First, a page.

Self-Created Sleep Deprivation

How lack of sleep actually affects your health

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Kayley Anderson, Staff Reporter

Slipping grades, mood swings, lack of concentration, behavioral issues, accidents all have a common factor for teens: sleep deprivation.

The average teenager needs nine and a half hours of sleep for their brains to function properly; however, many don’t get anywhere close to that.

One study found that the average teen sleeps only about five and a half hours a night. This can have devastating consequences for our developing brains and may be the cause of some medical conditions like insomnia or restless leg syndrome.

“During the week I usually get around two to three hours of sleep a night,” said sophomore Carmen Miller. Carmen is not alone, for several other sophomores gave similar answers ranging from two to five hours during the week.

Sleep deprivation doesn’t just hurt our brains; it can also affect our school work and our moods. Everyone at some point has had trouble staying awake in class, but if it becomes a recurring circumstance, it can cause major problems.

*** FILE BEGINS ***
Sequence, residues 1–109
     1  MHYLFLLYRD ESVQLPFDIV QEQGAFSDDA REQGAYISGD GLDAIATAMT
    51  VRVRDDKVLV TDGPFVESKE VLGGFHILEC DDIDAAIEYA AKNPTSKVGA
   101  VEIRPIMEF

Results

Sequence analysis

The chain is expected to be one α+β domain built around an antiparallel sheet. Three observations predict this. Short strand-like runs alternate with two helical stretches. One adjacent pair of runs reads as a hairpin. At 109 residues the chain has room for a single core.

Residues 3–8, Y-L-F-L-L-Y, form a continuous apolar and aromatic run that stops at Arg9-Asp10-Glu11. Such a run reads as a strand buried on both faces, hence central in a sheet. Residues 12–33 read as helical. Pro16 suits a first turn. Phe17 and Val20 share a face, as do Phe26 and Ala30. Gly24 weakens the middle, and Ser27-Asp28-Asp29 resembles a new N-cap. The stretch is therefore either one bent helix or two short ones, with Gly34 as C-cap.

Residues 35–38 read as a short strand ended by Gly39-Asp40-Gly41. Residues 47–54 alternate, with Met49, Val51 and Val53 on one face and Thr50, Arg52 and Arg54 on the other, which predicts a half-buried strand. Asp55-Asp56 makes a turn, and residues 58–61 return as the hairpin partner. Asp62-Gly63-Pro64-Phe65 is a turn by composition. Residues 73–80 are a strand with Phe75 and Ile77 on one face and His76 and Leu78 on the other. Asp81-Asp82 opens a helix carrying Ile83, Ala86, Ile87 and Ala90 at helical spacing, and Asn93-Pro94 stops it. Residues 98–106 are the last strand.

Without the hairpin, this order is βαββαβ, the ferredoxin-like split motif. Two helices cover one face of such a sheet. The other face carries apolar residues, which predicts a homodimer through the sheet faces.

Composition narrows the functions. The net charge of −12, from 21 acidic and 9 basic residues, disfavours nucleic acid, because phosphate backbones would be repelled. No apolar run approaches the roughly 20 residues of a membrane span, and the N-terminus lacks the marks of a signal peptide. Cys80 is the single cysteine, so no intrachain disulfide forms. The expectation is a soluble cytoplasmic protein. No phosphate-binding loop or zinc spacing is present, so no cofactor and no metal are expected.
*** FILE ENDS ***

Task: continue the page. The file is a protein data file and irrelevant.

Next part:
A lot of schoolwork depends on focus and the ability to understand and remember what’s going on in our classes. If we are constantly falling asleep it’s pretty difficult to recall what happened, let alone put it into practice for tests and assignments.

“It’s hard sometimes, because I get so tired that I fall asleep without doing some of my homework,” said sophomore Kelly Augustine. “Then I have to rush to do it when I could’ve done better if I would’ve stayed up to do it in the first place.” Kelly is correct, as rushing to get your homework done the class period before is somewhat of an art among high school students.

Stressing about grades and being tired can cause some rapid mood swings too, especially during the dreaded finals week.

“It influences my mood. Which then probably influences my school work. But what’s happening is I’m not getting enough sleep because of school so it’s a cycle of school affecting sleep and sleep affecting school,” said senior Lauren Ramelb when asked how she thought lack of sleep affected her. The cycle Lauren talked about is a reality for many high school students who struggle with juggling school, sleep, and other activities.

Distractions are a big part of what causes sleep deprivation, especially in the technological age. Things like social media, texting, and Netflix can keep students up long after the homework has been put away.

Extra-curricular activities are great for enhancing your high school experience as long as you still have time to rest and regroup. Bad time-management can also causes problems and mess up the already hectic sleep schedule many teens are accustomed to.

Starbucks and Scooters may wake you up in the morning and taste heavenly, but unfortunately caffeine throws yet another wrench into your sleep cycle.

By minimizing these distractions and factors combined with good time management we can all rest a little easier and sleep a little sounder.